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Does government health insurance reduce job lock and job push?

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  • Scott Barkowski

Abstract

I study job lock and job push, twin phenomena believed to be partially due to employment‐contingent health insurance (ECHI). Using variation in Medicaid eligibility among household members of male workers to identify changes in those workers' reliance on ECHI, I estimate notable job lock and job push effects. For married male workers, a 15 percentage point increase in the likelihood a household member is eligible for Medicaid increases the rate of voluntary job exits over a four‐month period by 14%. For job push, the same increase in a household member's likelihood of Medicaid eligibility reduces the transition rate into jobs with ECHI among all male workers by 8%.

Suggested Citation

  • Scott Barkowski, 2020. "Does government health insurance reduce job lock and job push?," Southern Economic Journal, John Wiley & Sons, vol. 87(1), pages 122-169, July.
  • Handle: RePEc:wly:soecon:v:87:y:2020:i:1:p:122-169
    DOI: 10.1002/soej.12434
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    References listed on IDEAS

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    1. Gruber, Jonathan & Madrian, Brigitte C., 1997. "Employment separation and health insurance coverage," Journal of Public Economics, Elsevier, vol. 66(3), pages 349-382, December.
    2. Janet Currie & Jonathan Gruber, 1996. "Health Insurance Eligibility, Utilization of Medical Care, and Child Health," The Quarterly Journal of Economics, Oxford University Press, vol. 111(2), pages 431-466.
    3. Jonathan Gruber & Aaron Yelowitz, 1999. "Public Health Insurance and Private Savings," Journal of Political Economy, University of Chicago Press, vol. 107(6), pages 1249-1274, December.
    4. A. Colin Cameron & Jonah B. Gelbach & Douglas L. Miller, 2011. "Robust Inference With Multiway Clustering," Journal of Business & Economic Statistics, Taylor & Francis Journals, vol. 29(2), pages 238-249, April.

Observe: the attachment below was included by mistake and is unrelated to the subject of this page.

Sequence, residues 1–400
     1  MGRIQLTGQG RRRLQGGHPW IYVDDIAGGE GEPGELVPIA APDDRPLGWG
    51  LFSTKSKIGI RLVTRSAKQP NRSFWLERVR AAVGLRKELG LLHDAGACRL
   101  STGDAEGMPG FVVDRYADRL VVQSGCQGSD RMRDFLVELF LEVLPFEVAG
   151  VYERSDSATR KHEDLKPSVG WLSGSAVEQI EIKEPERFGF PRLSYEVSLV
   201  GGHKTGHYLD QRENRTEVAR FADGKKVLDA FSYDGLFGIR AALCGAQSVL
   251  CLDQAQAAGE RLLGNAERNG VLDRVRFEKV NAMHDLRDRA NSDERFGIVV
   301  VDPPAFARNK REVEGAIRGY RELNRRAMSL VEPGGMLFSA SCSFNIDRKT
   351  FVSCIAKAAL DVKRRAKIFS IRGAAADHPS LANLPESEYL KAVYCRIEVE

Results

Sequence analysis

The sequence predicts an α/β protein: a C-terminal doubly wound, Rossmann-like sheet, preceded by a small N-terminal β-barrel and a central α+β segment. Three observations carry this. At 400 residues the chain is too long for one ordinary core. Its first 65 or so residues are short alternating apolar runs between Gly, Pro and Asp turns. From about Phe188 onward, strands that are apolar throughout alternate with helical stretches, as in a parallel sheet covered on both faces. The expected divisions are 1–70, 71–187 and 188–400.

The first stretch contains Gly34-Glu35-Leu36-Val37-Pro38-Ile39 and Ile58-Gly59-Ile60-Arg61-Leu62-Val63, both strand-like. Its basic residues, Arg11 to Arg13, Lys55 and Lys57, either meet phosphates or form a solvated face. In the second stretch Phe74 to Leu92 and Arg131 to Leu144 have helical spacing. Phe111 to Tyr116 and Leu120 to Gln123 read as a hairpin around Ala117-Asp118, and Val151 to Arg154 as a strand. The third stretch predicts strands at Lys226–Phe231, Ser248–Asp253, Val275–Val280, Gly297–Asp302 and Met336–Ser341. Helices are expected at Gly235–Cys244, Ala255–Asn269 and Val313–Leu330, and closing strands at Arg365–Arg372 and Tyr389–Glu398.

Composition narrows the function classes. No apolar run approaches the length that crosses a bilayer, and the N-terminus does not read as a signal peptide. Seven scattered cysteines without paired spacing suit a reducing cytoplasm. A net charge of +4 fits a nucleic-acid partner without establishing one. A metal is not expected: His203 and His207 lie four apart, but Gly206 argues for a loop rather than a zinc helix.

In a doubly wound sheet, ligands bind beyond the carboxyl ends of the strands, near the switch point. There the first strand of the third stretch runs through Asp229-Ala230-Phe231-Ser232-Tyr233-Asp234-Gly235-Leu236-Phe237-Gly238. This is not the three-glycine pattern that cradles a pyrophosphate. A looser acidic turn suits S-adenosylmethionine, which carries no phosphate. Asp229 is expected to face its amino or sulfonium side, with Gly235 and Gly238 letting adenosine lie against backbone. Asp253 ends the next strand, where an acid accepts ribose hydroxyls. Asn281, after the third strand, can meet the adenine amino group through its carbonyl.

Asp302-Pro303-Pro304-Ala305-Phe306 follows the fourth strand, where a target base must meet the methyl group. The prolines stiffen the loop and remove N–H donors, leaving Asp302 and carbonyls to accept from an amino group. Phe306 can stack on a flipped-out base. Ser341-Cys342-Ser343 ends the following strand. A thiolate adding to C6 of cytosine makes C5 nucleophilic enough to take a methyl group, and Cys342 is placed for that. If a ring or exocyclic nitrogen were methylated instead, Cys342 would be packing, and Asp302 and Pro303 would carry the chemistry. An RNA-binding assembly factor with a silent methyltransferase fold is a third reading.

5. Kanika Kapur, 1998. "The Impact of Health on Job Mobility: A Measure of Job Lock," ILR Review, Cornell University, ILR School, vol. 51(2), pages 282-298, January.
    6. Brigitte C. Madrian, 1994. "Employment-Based Health Insurance and Job Mobility: Is there Evidence of Job-Lock?," The Quarterly Journal of Economics, Oxford University Press, vol. 109(1), pages 27-54.
    7. Aaron S. Yelowitz, 1995. "The Medicaid Notch, Labor Supply, and Welfare Participation: Evidence from Eligibility Expansions," The Quarterly Journal of Economics, Oxford University Press, vol. 110(4), pages 909-939.
    8. David M. Cutler & Jonathan Gruber, 1996. "Does Public Insurance Crowd out Private Insurance?," The Quarterly Journal of Economics, Oxford University Press, vol. 111(2), pages 391-430.
    9. Gruber, Jonathan & Simon, Kosali, 2008. "Crowd-out 10 years later: Have recent public insurance expansions crowded out private health insurance?," Journal of Health Economics, Elsevier, vol. 27(2), pages 201-217, March.
    10. Mark C. Berger & Dan A. Black & Frank A. Scott, 2004. "Is There Job Lock? Evidence from the Pre-HIPAA Era," Southern Economic Journal, Southern Economic Association, vol. 70(4), pages 953-976, April.
    11. Katherine Baicker & Amy Finkelstein & Jae Song & Sarah Taubman, 2014. "The Impact of Medicaid on Labor Market Activity and Program Participation: Evidence from the Oregon Health Insurance Experiment," American Economic Review, American Economic Association, vol. 104(5), pages 322-328, May.
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    Cited by:

    1. Chatterji, Pinka & Brandon, Peter & Markowitz, Sara, 2016. "Job mobility among parents of children with chronic health conditions: Early effects of the 2010 Affordable Care Act," Journal of Health Economics, Elsevier, vol. 48(C), pages 26-43.

    More about this item

    JEL classification:

    • I13 - Health, Education, and Welfare - - Health - - - Health Insurance, Public and Private
    • J6 - Labor and Demographic Economics - - Mobility, Unemployment, Vacancies, and Immigrant Workers

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